Williamstown, Kentucky, expects a flood of Biblical proportions this summer — of tourists eager to see a life-size replica of Noah’s Ark.
The small town, which lies roughly 30 miles south of Cincinnati along I-75 in Northern Kentucky’s scenic river region, is home to Ark Encounter, a theme park set to open July 7 whose centerpiece is a faithful reconstruction of the world’s most famous lifeboat.
Measuring 510 feet in length — or 300 cubits, as specified in the Bible — the vessel rising in Williamstown will be nearly as long as three Space Shuttles laid end to end and cover some 120,000 square feet. By comparison, the White House is 55,000 square feet.
The ark, described by its builders at the biggest timber-frame structure in the U.S., will also come stocked with hundreds of sculpted creatures in reference to the belief that God instructed Noah to bring along “two of every kind” of animal. A petting zoo with live animals is also in the works, while future phases of the project call for building the kind of antediluvian city Noah’s family might have lived in, as well as the Tower of Babel.
Ken Ham, president of Answers in Genesis, the faith-based group behind the $100 million project, makes no bones about Ark Encounter’s expressly religious mission.
“We are an overtly Christian organization — we don’t hide that fact,” said Ham, perhaps best known for his 2014 debate with TV personality Bill “the Science Guy” Nye about human evolution.
Ham said he hopes Ark Encounter, which will operate as a nonprofit subsidiary of Answers in Genesis, will encourage “people to actually talk about the Bible and the message of Christianity.”
If this evangelical spirit is the prime mover for the ark, the project’s appeal as a tourist attraction draws inspiration from a more earthly domain: Disney (DIS). Ham said Ark Encounter is borrowing a page from the entertainment giant’s ever popular theme parks, along with other major attractions such as Universal Studios (NBCU), to promote Christianity in a way that “will captivate people’s attention.”
To date, much of that attention has been negative. In particular, critics have attacked Ark Encounter for requiring park employees and job candidates to sign a “statement of faith” affirming belief in the basic tenets of Christianity, a policy disclosed on the park’s website as a condition for employment.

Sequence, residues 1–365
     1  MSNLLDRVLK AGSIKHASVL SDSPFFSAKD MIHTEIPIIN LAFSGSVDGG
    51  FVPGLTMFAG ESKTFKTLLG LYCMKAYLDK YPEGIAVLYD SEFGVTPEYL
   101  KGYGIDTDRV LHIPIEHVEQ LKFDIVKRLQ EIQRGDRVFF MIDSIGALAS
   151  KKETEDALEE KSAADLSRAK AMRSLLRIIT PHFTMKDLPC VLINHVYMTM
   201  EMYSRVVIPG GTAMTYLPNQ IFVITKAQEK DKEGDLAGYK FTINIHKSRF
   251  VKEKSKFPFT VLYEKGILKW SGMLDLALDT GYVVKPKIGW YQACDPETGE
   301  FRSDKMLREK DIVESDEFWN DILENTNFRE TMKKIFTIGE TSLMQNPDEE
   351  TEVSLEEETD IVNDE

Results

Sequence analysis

That policy has come into question partly because of the $18 million in tax incentives Kentucky officials granted Ark Encounter, with part of that money funding a designated highway exit for the park. After tourism officials initially moved to withdraw the preferences because of concerns about Ark Encounter’s hiring practices, a federal judge ruled in January that Answers in Genesis had been denied its First Amendment rights and restored the incentives.
Ham defends the hiring policy at Ark Encounter, which is using an outside HR agency to screen job applicants, including for their religious beliefs. He also vigorously rejects claims that Ark Encounter is supported by public money.
“What we’re doing in using our religious preference is saying that people who work at Ark Encounter will need to testify that they’re Christian,” he said, emphasizing that the project is completely privately funded and that “zero tax dollars” are involved because of the way the incentives are structured.
Ark Encounter has raised $36 million in individual donations and an additional $62 million in a December bond offering, according to Ham.
Julie Kirkpatrick, vice president of the Northern Kentucky Convention and Visitors Bureau, said the tax incentives for Ark Encounter were granted under a program that gives local tourist attractions a rebate on sales taxes, allowing them to recoup a portion of their development costs.
“Ark Encounter meets the definition of a tourist attraction, and it will absolutely impact the Kentucky economy,” she said. “I don’t see much controversy.”
Ark Encounter could generate up to 21,000 jobs for the region over 10 years and up to $4 billion in revenue for Kentucky, according to a 2015 study conducted by a consulting firm hired by Answers in Genesis. The same study projected that the park could draw between 1.4 million and 2.2 million visitors per year, a figure based in part on the 300,000 people a year who visit the group’s Creation Museum in nearby Petersburg, Kentucky.
Over the short term, Kirkpatrick expects Ark Encounter to create upwards of 2,000 jobs from the ongoing construction at the park and from a tourism-fueled boost in economic activity.
“The state will get a massive amount of income they wouldn’t have gotten otherwise,” Ham predicted.
“We’re not out to attack people or cause problems,” he added. “We’re not hitting people on the head with the Bible. We want everyone to come.”
Ark Encounter may well draw a torrent of visitors, but it won’t be able to do one thing: float. The ark will be anchored to three cement columns designed to accommodate bathrooms and emergency exits.